On Wednesday, the dapper and hyper-well-connected Washington Post C.E.O. Fred Ryan stood up before the company’s thousand-plus staff and announced that the organization would be conducting layoffs in the first quarter of next year, resulting in a less-than-10 percent reduction of the workforce. Since Trump left office, and Marty Baron retired from his role as executive editor, the Post has been churning subscribers and losing ad revenue. During the town hall, Ryan told staff that ad revenue was at “recession levels.”
Such announcements have become familiar in the media industry these days as companies correct from an era of overhiring amid low interest rates and an overstimulated economy, and recession-anxious executives try to manage the P&L. If Netflix’s stock price can get cut in half, and Warner Bros. Discovery can remain punished by public market investors in search of higher EBITDA and synergies, then what is a mid-Atlantic media company, even one owned by the world’s fifth-richest man, supposed to expect?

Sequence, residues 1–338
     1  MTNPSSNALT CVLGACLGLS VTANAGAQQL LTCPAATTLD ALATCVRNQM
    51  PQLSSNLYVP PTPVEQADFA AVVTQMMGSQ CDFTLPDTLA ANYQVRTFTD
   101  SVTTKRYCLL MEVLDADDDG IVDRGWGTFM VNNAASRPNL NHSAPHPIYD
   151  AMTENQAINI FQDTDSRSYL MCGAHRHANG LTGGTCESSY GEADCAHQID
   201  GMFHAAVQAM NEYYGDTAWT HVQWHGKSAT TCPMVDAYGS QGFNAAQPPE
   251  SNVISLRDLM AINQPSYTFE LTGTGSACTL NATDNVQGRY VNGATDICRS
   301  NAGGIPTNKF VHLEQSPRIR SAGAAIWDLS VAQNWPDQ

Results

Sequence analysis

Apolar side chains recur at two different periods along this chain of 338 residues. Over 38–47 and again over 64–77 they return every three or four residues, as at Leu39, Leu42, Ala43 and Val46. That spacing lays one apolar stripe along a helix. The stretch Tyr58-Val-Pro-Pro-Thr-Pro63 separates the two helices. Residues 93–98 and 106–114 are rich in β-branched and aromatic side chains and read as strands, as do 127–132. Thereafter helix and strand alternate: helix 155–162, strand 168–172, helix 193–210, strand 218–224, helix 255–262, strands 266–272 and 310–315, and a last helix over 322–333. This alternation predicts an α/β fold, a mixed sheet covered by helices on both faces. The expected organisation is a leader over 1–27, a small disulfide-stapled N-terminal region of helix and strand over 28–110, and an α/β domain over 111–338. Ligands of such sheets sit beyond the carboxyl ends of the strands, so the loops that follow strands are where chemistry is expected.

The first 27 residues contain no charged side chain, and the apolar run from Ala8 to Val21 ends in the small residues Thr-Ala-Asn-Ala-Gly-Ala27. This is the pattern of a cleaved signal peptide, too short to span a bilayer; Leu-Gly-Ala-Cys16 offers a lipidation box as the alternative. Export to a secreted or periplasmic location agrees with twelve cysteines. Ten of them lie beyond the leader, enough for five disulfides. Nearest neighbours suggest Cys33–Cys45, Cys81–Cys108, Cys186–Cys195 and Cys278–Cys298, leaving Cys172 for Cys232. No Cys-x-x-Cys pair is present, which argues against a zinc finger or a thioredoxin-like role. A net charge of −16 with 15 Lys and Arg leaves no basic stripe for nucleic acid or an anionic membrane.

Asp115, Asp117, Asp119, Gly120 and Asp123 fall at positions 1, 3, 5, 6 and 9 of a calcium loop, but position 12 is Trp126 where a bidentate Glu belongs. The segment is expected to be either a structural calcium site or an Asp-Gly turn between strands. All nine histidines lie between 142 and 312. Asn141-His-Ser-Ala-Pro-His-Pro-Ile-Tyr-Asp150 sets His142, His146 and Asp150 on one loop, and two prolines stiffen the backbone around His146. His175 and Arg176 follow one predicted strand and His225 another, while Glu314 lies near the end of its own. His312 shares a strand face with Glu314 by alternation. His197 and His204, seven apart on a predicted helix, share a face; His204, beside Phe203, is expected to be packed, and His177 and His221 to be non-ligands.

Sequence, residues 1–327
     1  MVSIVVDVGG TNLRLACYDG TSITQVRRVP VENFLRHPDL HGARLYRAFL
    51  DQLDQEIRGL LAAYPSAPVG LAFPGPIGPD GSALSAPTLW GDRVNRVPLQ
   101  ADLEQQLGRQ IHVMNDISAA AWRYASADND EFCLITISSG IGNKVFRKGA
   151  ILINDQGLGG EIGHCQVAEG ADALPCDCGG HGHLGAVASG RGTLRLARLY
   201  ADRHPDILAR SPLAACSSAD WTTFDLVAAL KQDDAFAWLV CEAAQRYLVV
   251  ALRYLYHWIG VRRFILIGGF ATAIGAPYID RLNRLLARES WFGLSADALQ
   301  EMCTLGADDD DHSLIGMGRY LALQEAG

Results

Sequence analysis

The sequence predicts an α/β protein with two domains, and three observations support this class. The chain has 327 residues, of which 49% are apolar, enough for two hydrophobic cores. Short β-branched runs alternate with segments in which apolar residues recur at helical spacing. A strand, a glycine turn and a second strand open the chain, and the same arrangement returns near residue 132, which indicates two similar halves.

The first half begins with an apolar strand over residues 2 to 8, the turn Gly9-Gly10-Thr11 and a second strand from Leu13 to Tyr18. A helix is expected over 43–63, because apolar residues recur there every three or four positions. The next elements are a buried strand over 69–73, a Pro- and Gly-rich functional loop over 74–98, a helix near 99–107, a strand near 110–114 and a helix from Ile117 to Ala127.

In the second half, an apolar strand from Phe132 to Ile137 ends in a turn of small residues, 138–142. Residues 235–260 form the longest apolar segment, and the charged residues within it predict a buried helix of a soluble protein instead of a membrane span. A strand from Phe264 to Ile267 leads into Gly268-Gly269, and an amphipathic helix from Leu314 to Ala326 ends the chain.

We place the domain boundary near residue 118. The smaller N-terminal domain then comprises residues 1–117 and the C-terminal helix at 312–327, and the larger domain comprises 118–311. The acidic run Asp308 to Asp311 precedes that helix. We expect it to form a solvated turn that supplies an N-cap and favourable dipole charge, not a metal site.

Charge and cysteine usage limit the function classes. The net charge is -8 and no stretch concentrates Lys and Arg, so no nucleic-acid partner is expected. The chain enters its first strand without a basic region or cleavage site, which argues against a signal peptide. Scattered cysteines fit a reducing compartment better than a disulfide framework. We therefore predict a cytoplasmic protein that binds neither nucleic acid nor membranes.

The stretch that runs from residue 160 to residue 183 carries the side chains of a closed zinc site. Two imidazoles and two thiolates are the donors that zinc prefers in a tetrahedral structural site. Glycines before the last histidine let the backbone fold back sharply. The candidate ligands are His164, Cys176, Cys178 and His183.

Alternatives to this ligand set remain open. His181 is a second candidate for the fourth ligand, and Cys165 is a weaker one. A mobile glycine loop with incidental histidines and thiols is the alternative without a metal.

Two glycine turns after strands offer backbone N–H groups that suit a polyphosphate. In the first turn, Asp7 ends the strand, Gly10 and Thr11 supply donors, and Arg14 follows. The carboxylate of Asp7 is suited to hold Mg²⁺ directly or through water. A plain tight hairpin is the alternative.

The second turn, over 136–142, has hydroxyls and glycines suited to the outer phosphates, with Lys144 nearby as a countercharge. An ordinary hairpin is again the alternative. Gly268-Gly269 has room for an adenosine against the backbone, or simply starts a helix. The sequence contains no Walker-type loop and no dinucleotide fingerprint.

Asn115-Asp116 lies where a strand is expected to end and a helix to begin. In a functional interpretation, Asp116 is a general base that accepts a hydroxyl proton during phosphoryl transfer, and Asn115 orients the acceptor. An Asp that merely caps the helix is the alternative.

Nevertheless, Ryan’s disclosure left staff stunned and visibly pissed. A video from the staff-wide town hall—taken and tweeted by one of the Post’s own correspondents—shows employees shouting questions at Ryan that he refused to answer as he walked out of the room. “We are not going to turn the town hall into a grievance session,” he responded, awkwardly. In a statement, the Washington Post Guild called Ryan’s behavior “unacceptable from any leader, but especially the leader of a news organization whose core values include transparency and accountability.”